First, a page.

“If you will look into your own heart in complete honesty, you must admit that there is one and only one reason why you are not a saint: you do not wholly want to be one.”
I do not like this quote. If I could, I would pretend that I didn’t stumble across it, that it didn’t rattle my soul. I am guilty of falling short of sanctity because I don’t will it enough in my daily actions. Oh, I am so guilty of this. Becoming a saint is no easy task, but it is one we are called to.
I remember as a little kid flipping through our almanac of saints, seeing their shiny faces and haloed glows and likening them to an ideal rather than a reality. They were always just characters, like those out of a fairytale, never real people. It wasn’t until my encounter with St. Therese of Lisieux that all of this changed. I saw for the first time a girl my age who had achieved sainthood but still sassed her father. I saw a yearning imperfect heart who didn’t give up her pursuit of sainthood. But, mostly, I saw a girl, just like me who actually believed sanctity was achievable.
“To be a saint is to will the one thing.”
The lives of these next two Venerables (holy people who are on the path to canonized sainthood in the Church) have deeply moved my heart. I am inspired by their stories, their tenacity, their love for Our Lord and Savior. But, may they be more than just stories, may they be our brothers and sisters this side of Heaven challenging us to never ever take our eyes off of the goal — the perfect reward of an eternal union with the only One who can truly satisfy our souls.
Venerable Alfred Pamplona
Alfred was born in Canada to a large and humble family of twelve. Although frail in health and seen as a “mediocre” student, in 1876 he entered college to study business and proved to be successful through his devotion of study and to Mary. After a near-death bout with pneumonia, he journeyed to the shrine of Sainte-Anne-de-Beaupre (in Quebec, Canada) and heard the call to the priesthood. At the age of 20, he took perpetual vows of poverty, chastity, and obedience and served the Redemptorist community for the rest of his life. At the young age of 28, he died from complications due to tuberculosis.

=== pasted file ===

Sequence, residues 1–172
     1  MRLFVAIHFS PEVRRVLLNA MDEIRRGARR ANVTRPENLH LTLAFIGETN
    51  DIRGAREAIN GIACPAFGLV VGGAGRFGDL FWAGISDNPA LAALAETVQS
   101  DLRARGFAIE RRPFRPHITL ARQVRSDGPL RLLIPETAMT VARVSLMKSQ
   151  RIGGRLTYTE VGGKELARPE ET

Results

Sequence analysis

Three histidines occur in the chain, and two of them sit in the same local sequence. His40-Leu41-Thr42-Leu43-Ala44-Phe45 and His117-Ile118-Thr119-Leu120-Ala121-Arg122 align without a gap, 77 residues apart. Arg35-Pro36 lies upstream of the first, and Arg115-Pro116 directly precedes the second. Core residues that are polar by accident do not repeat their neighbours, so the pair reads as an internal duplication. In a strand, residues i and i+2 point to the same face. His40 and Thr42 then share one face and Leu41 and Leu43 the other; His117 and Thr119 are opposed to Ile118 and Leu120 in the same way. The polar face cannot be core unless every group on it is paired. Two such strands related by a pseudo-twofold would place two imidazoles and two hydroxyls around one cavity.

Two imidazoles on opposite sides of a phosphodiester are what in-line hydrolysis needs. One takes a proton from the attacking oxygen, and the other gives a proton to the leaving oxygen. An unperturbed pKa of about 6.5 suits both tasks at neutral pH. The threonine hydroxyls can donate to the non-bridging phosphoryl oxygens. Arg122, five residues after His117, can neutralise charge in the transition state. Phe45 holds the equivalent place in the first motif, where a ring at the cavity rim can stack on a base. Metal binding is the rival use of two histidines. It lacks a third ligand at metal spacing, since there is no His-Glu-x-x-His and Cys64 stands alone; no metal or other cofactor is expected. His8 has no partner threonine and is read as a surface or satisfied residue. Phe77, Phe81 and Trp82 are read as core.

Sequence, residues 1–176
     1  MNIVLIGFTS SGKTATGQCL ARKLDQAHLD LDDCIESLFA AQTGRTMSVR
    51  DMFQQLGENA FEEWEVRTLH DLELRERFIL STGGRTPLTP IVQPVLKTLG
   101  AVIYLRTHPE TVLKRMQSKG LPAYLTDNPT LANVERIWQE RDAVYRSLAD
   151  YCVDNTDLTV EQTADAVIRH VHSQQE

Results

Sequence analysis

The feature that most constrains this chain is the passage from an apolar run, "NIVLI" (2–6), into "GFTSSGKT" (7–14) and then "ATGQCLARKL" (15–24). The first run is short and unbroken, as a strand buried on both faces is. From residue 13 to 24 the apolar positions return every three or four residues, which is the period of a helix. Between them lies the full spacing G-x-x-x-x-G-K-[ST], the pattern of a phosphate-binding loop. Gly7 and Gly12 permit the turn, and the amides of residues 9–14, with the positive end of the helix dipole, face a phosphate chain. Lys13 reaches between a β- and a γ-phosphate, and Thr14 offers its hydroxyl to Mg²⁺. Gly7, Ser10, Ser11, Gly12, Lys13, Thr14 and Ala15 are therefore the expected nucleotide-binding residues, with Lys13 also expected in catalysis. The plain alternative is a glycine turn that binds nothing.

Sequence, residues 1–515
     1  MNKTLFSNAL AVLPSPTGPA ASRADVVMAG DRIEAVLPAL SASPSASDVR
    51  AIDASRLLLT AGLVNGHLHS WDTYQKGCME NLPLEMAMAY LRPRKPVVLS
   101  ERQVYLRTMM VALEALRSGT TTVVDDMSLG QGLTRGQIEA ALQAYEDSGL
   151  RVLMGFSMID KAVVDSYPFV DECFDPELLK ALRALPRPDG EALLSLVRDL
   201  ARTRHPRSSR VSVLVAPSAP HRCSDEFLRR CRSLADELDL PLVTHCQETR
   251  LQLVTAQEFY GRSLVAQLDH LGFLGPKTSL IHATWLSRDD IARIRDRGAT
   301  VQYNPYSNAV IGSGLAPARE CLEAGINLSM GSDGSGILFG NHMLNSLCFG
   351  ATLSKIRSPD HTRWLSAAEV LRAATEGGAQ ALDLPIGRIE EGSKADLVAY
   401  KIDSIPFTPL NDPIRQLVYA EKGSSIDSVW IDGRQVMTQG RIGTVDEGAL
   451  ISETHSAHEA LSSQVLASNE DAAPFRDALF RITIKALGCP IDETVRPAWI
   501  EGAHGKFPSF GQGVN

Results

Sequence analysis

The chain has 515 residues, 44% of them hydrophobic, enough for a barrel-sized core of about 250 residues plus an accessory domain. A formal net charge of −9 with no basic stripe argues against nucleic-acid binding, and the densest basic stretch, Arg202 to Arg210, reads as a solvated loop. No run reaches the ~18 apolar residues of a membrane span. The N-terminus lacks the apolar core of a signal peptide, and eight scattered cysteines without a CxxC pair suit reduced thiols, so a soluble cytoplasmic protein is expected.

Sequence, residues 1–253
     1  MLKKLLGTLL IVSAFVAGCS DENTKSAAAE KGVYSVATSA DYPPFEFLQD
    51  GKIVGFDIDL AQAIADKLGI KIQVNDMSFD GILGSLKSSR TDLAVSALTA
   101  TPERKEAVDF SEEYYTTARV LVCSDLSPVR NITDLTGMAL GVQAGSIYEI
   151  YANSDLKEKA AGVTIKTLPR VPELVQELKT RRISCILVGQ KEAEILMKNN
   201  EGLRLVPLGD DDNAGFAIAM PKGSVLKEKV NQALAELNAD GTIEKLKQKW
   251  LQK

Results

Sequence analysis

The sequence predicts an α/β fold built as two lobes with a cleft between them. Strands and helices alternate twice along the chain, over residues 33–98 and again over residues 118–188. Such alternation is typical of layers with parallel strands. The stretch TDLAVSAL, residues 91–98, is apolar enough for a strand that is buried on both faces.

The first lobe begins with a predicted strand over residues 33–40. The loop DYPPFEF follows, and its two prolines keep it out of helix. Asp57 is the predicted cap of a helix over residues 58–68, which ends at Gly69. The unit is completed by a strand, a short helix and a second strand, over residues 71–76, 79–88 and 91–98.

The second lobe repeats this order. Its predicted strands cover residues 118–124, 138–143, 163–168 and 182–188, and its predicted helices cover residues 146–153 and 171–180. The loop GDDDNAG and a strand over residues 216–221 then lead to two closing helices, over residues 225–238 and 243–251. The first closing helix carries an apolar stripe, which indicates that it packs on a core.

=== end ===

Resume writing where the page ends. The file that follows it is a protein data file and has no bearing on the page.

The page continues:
Although Alfred’s path to sanctity didn’t involve any dramatic twists or turns, mystical revelations or gifts he didn’t waver in faithfulness to God’s calling to the priesthood despite an entire life of illness. His life speaks particularly to me when I get “bored” and give up the daily practice of prayer easily. How easy it would’ve been for Alfred to say “hold the phone, no one believes in me and I’m not getting anywhere… what’s the point?” But, he didn’t. Actually, he stayed far far away from that line of thinking. It was in this weakness that he allowed God’s strength to prevail (2 Corinthians 12:9).
Dear Venerable Alfred, please teach me patience despite the monotony of life. May I learn how to give all that I have for the sake of the Kingdom. Please bring these prayers to the feet of our Father in Heaven. Amen.
Venerable Antonietta Meo
Antonietta was a charismatic little girl who was known for her joy and charm. Truly extraordinary from a very young age, she was popular with all she came into contact with. At the age of five, she was diagnosed with osteosarcoma, an aggressive form of bone cancer. Although treatment required amputation of her leg, Antonietta didn’t waver in her joyful spirit only increasing in faith and devotion to Jesus.
Considered a mystic by many theologians because of her profound letters to Jesus, Antonietta is the youngest person (at the age of 6 – think the same age as those wild and crazy kids in Kindergarten) to be on the path of canonization. The depth of her insight and unwavering joy despite incredible suffering has been the source of much inspiration since her death in 1937.
“Dear Jesus, I love you very much. I want to abandon myself in your hands. I want to abandon myself in your arms. Do with me what you want. Help me with your grace. You help me, since without your grace, I am nothing.”
(Venerable Antonietta Meo)
Antonietta’s story proves to us once again that God calls not only the little children to His heart, but those who suffer greatly. This incredible girl lived such a short life with so much suffering, yet her faith didn’t waver. It’s incredible that Antonietta understood this at the age of 6 – I mean the girl lost her leg to cancer and she still praised God with her whole heart. What the heck? That’s amazing! So, I ask myself more fervently today than I did yesterday, what is it that I need to change in my own life to be open to God’s grace through suffering? May we see my suffering more through the faithful and saintly eyes of this little girl than we do my own.
Dear Antonietta, please pray for me. May your example inspire and teach me how to suffer well for and with Christ. Amen.
The path to sainthood may seem daunting. I think I’ve been intimidated by this task my whole life. But, what joy and peace it brings to learn about such holy souls who have done nothing more than just offered their every moment to Christ. It’s amazing how grace works when you allow it to permeate every aspect of your life. I mean, if Antonietta could accomplish sainthood by the age of 6, what is my excuse? Sainthood isn’t just for the old or religious! May we learn from the examples of Antonietta and Alfred, that sainthood is less about “achieving the reward” of heaven but rather, it’s about loving Christ well in every moment with everything we can.
For more information on each of these Venerables, check out the following sites: